How to Be Adventurous - The Series


Getting Into Shape... and Then Staying There


Life may be for play, but adventure is serious business.

Which is why you’ll need a body to do it.

Notice how I didn’t say great body? That’s because a great body, or what today’s society deems a great body, is far from necessary for good adventure.

Raging thighs and pecks that dance to music are nice to look at, and maybe even enjoyable to build, although I somehow doubt that. Necessary for health, or healthy adventure, they are not.

The job is to get yourself in good enough shape to tackle the adventures you want to take, and perhaps a bit more.

Junk in the trunk wasn’t put there just to jiggle.
We’ve got powerful hips and big glutes for a reason

Let your adventure goals inform your fitness plan.

If you’re hiking, that means legs, specifically the old ba-dunk-a-dunk. Junk in the trunk wasn’t put there just to jiggle. We’ve got powerful hips and big glutes for a reason - to power up hills, to leap over rocks, to let us change direction without crumpling like pop cans and landing in a heap.

Climbers and paddlers will need to focus on arms and back, as well as core. But in truth, your fitness should be a holistic thing. Isolation is for body builders, and bodybuilders are for mirrors, not adventuring. If you want to be more adventurous, skip the bicep curls and get yourself a chin-up bar. Better yet, drop and give us 20. Men’s style or women’s, we’re not picky. As long as you feel the burn, you’re doing something right.

To squat, or not to squat? Shakespeare wondered the same thing. Wait, we’ll have to get that fact checked. In any case, we say squat if you want, but don’t over do it. Unless your adventures have you lifting a lot of canoes over your head, a super heavy squat won’t give you much of an advantage on the mountain. Better to be nimble and firm than bulking and hulking, but we recognize beauty comes in all shapes. Just keep it practical, and remember if your goal is to lift more canoes, a good place to start is lifting more canoes.

Cardio… what to say? Some people enjoy it. Most of them are crazy. There’s no denying that all adventures call for cardio, but the key is to get your cardio while you’re adventuring. That way you’re distracted by all the awesome you’re witnessing, and don’t even notice you’re wheezing loud enough to scare the bears off.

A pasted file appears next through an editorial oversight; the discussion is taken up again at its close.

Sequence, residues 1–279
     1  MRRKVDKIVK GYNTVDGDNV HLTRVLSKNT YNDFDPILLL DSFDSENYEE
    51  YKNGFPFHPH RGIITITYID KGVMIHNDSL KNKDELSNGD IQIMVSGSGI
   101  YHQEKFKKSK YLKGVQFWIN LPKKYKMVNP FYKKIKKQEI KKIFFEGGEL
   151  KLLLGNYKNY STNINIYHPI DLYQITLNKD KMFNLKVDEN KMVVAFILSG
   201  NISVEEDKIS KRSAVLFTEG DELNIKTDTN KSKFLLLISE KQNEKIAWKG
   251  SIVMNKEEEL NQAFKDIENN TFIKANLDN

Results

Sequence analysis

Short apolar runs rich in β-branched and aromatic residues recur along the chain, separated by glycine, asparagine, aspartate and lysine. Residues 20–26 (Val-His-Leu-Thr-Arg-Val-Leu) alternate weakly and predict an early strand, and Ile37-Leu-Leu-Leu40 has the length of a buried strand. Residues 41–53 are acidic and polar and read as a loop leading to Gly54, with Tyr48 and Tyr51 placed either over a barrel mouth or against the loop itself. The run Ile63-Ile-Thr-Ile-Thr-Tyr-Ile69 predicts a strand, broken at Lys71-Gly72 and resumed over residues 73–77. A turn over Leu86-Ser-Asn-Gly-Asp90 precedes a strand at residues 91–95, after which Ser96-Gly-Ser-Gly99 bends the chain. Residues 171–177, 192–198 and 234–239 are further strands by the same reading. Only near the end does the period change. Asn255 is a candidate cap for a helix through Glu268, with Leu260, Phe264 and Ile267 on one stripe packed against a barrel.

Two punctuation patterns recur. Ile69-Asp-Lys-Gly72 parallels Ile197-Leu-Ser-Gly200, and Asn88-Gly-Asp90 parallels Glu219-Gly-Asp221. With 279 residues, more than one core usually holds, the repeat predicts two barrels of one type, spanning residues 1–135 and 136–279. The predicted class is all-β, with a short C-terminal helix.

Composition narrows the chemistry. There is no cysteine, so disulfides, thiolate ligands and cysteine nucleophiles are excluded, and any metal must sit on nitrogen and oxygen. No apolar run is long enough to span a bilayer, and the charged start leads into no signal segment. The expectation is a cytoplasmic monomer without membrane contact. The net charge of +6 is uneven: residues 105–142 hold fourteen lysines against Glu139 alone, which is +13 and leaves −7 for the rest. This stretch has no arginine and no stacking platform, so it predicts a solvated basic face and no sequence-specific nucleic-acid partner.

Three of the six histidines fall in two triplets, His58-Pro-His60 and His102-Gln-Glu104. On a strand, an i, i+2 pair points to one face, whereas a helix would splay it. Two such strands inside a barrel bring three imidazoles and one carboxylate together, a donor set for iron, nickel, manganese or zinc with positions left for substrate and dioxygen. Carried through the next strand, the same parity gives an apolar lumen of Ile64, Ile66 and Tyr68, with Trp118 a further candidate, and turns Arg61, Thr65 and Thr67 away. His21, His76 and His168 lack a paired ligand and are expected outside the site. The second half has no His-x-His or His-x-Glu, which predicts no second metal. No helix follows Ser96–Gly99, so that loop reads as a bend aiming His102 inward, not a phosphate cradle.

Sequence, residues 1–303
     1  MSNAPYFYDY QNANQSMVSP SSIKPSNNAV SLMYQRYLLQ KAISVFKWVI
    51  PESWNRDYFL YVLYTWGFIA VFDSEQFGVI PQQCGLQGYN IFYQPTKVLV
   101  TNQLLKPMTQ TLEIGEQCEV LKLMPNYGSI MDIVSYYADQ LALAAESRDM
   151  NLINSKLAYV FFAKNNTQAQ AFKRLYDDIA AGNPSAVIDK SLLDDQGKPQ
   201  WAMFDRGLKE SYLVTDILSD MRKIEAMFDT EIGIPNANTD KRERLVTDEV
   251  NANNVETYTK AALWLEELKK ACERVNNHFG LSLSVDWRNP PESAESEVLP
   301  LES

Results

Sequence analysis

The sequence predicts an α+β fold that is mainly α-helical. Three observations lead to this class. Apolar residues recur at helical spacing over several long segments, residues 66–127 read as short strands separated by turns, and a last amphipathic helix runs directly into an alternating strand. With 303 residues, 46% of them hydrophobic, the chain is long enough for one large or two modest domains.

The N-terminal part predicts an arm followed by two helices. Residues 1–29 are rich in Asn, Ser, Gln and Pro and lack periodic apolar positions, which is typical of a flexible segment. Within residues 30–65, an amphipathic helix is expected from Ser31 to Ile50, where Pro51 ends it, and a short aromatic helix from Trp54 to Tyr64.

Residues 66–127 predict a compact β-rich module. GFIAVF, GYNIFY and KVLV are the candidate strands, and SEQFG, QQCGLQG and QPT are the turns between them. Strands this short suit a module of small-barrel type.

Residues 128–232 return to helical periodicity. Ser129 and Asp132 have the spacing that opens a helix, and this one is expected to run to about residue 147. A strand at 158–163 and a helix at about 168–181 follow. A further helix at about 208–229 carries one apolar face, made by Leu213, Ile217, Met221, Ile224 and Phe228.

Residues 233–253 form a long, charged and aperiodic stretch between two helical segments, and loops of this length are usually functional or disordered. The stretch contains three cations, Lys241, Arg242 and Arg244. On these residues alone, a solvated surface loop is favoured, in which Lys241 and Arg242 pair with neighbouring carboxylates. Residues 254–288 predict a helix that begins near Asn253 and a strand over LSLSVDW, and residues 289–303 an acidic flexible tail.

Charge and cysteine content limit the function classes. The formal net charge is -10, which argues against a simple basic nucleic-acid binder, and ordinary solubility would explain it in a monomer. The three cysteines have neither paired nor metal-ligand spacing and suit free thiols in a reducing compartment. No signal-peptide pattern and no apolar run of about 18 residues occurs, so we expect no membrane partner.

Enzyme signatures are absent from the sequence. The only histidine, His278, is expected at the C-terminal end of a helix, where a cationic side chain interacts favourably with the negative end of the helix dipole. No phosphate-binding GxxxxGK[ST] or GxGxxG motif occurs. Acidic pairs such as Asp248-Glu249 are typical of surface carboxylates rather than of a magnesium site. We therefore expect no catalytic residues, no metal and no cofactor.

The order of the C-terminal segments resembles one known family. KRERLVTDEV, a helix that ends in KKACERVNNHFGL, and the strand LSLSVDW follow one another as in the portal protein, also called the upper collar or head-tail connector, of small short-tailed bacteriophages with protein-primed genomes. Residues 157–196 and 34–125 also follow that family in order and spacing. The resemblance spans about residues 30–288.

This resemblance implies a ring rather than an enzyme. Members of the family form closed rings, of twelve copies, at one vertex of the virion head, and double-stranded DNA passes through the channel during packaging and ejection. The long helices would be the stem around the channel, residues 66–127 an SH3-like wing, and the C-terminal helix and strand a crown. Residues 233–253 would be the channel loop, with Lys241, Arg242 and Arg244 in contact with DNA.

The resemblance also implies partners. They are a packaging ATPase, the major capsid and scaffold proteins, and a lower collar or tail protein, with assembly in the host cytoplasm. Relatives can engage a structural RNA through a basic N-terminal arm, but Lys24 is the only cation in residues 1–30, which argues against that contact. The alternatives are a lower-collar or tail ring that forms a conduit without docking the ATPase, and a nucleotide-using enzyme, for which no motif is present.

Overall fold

The best tonic for a more adventurous physique is simply more adventure. Sink or swim, do or die. By walking up the mountain, you get better at walking up the mountain. By falling down the mountain, you get better at… well, you get it.

To squat, or not to squat? Shakespeare wondered the same thing.

Good training should resemble the thing you’re training for. You don’t go ice skating to perfect your golf swing, so why train for adventure by bench pressing in the gym? Unless you’re training to push a fallen log off your chest, but you might be better off training your legs to get you out of the way faster.

The key is to be mindful of what you’re training and why. On most adventures, the legs are for pushing (walking up trails, leaping heroically over creeks) and the upper body does the pulling (rock climbing, paddling, digging up buried Spanish treasure), but this isn’t a fixed rule. Choose exercises similar to the things you do in the outdoors and you won’t go far wrong.

If you can get all your training done in the outdoors, even better. More and more fitness programs have come out championing the benefits of outdoor workouts, and we stand behind that. Trees and hills make wonderful sculpting tools for the adventurous body, and the ground is a natural platform for push ups and crunches.

If you’re a city dweller, make do with what you have. There’s no one-sized fits all program, and if punching a hunk of raw meat will get you in better shape for the outdoors, then swing away, Rocky.

Just remember that it’s true what Aristotle said – “You are what you frequently do.” The question is, do you want to be a forward lunge, or a long trek into the wilderness?

By walking up the mountain, you get better at walking up the mountain.